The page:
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Planetary Helicopters

Ingenuity photographs its own shadow on Mars
Ingenuity photographs its own shadow on Mars

We know if a helicopter was sent up in the sky, there must have been a good reason. Since their first mass production in 1942, these flying machines have captured human imagination and wonder. Unlike the great flying contraption invented by the Wright Brothers, helicopters seem to have been chosen for special missions from the start.

They played a key role late in World War 2, Korea and Vietnam. The Bell 47 became the first helicopter certified for civilian use in 1946 and they quickly took off in popularity. Soon they were tasked for such important uses as medical transport, law enforcement, search and rescue and firefighting.

With civilian use came dramatic improvements in range and technology. Seems it was only a matter of time before helicopters were considered an option for exploring other worlds. Plans for a Mars Helicopter eventually took shape. Traveling in the belly of the Perseverance Rover, the Mars Helicopter Ingenuity, landed in the Jezero Crater on February 18, 2021.

While rovers have explored the red planet for decades, scientists knew they could learn more about the complex Martian surface and geologic history if they could get off the ground. This is no easy task in the thin atmosphere of Mars. Conditions at 25 feet off the ground on Mars would be similar to those at 100,000 feet above the Earth.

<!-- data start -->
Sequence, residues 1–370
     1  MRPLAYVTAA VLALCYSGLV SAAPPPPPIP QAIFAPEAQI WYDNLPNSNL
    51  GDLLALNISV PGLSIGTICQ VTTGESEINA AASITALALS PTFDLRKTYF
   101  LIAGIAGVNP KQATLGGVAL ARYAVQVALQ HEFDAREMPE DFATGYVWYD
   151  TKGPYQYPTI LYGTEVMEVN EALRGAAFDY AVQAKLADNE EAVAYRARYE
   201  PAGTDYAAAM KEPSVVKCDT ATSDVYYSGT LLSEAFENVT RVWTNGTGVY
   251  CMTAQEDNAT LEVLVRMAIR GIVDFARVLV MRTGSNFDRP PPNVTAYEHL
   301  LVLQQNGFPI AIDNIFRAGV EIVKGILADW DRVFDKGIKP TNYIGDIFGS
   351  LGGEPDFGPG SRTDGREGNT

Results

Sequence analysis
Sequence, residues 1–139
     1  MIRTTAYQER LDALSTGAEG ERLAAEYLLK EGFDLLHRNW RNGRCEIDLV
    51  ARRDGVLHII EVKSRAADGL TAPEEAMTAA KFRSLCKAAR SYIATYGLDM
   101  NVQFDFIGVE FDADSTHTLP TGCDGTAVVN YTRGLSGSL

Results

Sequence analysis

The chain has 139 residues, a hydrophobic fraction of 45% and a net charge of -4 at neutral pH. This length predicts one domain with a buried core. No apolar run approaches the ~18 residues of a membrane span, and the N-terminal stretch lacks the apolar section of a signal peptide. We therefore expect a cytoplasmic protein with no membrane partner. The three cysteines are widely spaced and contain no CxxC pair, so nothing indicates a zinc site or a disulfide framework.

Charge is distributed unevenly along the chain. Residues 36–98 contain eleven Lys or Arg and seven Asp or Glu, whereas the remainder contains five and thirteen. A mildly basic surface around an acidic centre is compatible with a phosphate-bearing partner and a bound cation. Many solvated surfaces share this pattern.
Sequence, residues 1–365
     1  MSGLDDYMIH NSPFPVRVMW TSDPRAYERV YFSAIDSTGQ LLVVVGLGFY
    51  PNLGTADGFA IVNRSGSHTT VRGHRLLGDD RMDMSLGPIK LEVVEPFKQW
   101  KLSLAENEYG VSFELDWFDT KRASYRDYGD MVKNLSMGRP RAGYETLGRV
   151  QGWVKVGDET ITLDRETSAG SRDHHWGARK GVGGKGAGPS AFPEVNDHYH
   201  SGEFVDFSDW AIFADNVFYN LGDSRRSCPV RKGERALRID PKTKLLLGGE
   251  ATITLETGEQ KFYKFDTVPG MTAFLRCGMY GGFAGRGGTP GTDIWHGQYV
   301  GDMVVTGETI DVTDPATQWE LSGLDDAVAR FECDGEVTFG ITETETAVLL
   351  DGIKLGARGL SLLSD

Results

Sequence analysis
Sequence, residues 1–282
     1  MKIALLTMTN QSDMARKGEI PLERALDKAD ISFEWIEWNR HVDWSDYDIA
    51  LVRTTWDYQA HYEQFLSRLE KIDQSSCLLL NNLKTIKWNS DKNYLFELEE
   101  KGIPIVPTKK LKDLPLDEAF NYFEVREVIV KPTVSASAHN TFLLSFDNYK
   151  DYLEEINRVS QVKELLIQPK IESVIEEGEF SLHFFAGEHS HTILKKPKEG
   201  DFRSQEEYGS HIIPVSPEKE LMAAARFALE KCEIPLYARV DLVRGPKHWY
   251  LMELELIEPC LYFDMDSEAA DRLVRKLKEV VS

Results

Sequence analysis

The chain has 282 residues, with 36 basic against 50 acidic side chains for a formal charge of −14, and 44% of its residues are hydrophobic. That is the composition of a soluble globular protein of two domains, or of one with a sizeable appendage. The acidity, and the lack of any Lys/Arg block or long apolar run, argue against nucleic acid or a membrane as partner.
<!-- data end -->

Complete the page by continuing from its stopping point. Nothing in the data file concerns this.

On this first mission, the goal is to test and refine the technology for future missions. Ingenuity completed 3 successful test flights, the first taking place on April 19, 2021. It took off, climbed 10 feet, was able to hover briefly, completed a turn, and then safely landed. It was the first controlled flight in any world beyond Earth – a huge milestone.

Moving into its’ operations phase – Ingenuity has exceeded all expectations for success and has so far completed 13 flights. In early September, it captured color images from an altitude of just 26 feet off the ground. The first such pictures of a key geologic feature on Mars. Ingenuity will continue to provide valuable information for future missions, exploring how rovers and aerial explorers can work together, on Mars and possibly other worlds.

It’s clear that helicopters are sent up when the need is great, when the mission requires another view, another perspective. Whether on Earth or far away planets, we can be sure that helicopter technology will be part of our future explorations and travels.

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Western Slope Skies is produced by the Black Canyon Astronomical Society. This episode was written and recorded by Park Ranger Nick Myers of Mesa Verde National Park.

Kids' activity - Make a paper Mars helicopter!